Meta says it will remove news articles from Facebook and Instagram Feeds of its Canadian users.
The move follows the introduction of the Online News Act in the country, which requires tech companies like Google and Meta to pay news outlets for the stories they feature in their social feeds. The Canadian law went into effect on June 22 and requires big tech companies to negotiate commercial deals with news publishers for their news and audio-visual content.
“The law is based on a fundamentally flawed premise,” says Andy Stone, a spokesperson for Meta. “And regrettably, the only way we can reasonably comply is to end news availability in Canada.” Meta says news articles on its platform make up less than 3% of what Canadians consume. Google is also removing links to Canadian news sites from search results in Canada, with Kent Walker, Google’s President of Global Affairs, calling it “the wrong approach to supporting journalism in Canada.”
The act was designed to help Canada’s journalism industry, which has seen the closure of 450 news outlets from between 2008 and 2021. Meta may also be grappling with a similar law passed by California soon. The California Journalism Preservation Act would require a similar collection of payment. That bill passed through the state assembly in June 2023 and is now awaiting a Senate hearing. If the law passes the Senate, Meta has said it will block news access on the platform in California as well.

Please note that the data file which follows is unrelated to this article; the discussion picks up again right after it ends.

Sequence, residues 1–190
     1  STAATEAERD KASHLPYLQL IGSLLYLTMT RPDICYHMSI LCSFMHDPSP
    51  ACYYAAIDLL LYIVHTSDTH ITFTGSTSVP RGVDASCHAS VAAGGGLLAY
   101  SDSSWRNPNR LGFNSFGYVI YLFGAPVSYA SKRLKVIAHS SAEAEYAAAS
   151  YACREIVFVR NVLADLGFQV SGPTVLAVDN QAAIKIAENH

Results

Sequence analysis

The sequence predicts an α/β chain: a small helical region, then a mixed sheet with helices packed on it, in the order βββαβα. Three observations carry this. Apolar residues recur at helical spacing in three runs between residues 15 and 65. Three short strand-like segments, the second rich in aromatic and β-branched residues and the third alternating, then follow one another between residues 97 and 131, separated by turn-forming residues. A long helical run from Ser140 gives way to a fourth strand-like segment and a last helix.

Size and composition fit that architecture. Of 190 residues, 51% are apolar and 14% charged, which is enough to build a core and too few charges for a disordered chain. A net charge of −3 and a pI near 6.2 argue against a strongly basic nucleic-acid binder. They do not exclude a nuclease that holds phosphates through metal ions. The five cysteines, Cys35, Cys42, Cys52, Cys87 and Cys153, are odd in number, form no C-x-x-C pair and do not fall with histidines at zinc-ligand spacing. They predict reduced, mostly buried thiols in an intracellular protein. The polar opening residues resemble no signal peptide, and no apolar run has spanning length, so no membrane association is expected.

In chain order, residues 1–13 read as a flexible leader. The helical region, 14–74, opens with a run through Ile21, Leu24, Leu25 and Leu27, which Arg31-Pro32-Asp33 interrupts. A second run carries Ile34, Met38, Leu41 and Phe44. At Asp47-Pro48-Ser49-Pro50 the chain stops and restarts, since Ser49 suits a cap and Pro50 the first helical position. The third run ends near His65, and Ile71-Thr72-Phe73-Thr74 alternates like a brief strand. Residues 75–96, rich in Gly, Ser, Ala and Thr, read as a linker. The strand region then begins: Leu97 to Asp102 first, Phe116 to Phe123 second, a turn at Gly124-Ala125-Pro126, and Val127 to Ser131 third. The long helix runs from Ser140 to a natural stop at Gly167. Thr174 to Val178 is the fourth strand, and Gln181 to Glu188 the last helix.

Both of these laws are modeled after an Australian law that passed in 2021. The law requires tech companies to negotiate a fee for content or enter arbitration if a deal cannot be reached. The Australian government believes the law has worked in favor of its journalists since it was passed more than two years ago as tech firms have struck at least 30 deals with news outlets in the country. Both Meta and Google were vocal opponents to the Australian news law as well.